"I don't believe that God allowed me to leave prison so that I could kick up my feet and enjoy life. There's a lot of men who have done less than what I've done and are still in prison."
“Doesn’t the Bible say that murderers can’t go to heaven?”
That’s a question I was asked almost every week during my visits to the Cook County Jail in Chicago.
The inmate who started my weekly jail visits was a young deaf college student who, in a moment of rage, killed another deaf person at his school.
In just a month, Indiana will be closing one of its minimum security prisons, Henryville Correctional Facility–a move which will hopefully assist the state’s new emphasis on corrections reform.
In 2014, the Indiana House of Representatives passed legislation that reroutes prisoners from state facilities into local jails.
A significant number of cities in the United States reported an increase in homicide rates in 2015—a disturbing trend that some have claimed marks the end of a period that saw historic reductions in violent crimes in places like New York City and Chicago.
Daniel Geiter spent much of his young adult years in and out of correctional facilities in and around Chicago. Between his adolescent years and the age of 25, Geiter estimates that he was incarcerated in excess of 20 times.
It was during one of these prison stays that Geiter concluded that things needed to change.
For some students at DePaul University, going to class involves more than just walking into into a lecture hall with a cup of coffee in one hand and a laptop in the other. There are background checks to be made, interviews to be conducted, and copious amounts of paperwork that must be completed before these students are able to even enter the classroom.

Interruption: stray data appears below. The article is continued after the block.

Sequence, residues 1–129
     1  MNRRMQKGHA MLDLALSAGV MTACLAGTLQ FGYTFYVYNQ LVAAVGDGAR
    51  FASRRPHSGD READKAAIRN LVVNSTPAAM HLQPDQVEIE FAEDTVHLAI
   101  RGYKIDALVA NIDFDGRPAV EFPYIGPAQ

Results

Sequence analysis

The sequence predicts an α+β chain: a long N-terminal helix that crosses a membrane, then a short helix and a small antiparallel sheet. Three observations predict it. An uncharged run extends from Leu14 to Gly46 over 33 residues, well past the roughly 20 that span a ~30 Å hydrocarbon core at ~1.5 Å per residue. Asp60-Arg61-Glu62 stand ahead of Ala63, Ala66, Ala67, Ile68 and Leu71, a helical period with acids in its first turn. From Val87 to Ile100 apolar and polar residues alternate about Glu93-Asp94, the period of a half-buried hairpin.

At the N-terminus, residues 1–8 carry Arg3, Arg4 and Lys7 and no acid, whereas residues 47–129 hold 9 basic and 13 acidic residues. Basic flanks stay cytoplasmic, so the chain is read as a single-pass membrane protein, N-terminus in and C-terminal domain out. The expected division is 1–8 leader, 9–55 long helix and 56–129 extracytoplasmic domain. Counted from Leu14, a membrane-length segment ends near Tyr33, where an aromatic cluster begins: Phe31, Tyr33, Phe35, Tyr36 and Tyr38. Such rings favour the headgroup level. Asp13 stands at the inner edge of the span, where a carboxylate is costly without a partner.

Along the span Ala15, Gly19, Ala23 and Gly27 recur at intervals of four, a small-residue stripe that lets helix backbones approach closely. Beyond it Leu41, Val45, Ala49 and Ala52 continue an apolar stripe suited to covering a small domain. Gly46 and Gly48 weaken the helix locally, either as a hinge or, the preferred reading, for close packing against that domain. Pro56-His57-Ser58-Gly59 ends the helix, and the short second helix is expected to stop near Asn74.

The following article originally appeared on the Justice Fellowship website.
Restorative justice works. Its principles are effective in facilitating individual change and impeding the cycle of crime whenever they are applied. However, it is helpful to understand what root issue restorative justice really helps to treat and why it’s a better response to harm in our society.
On Oct. 23, Prison Fellowship and other organizations from all over the globe gathered in New York City for the fifth annual Movement Day. This event brings together leadership teams from the world's largest cities to build partnerships that help them better reach their respective cities with the grace-filled Gospel of Christ.
Chicago lawmakers have decided it's time to take a fresh approach to counteracting all the gun violence and overflowing jails in their city. And this fresh approach starts with the young people.
On a broadcast of PBS’ Religion and Ethics Newsweekly, PFM Senior Vice President Pat Nolan offers his thoughts on the incarceration of mentally ill inmates, and the Christian obligation to reach out in love to those in need behind bars.
“You know, Jesus said, ‘I was naked, and you clothed me.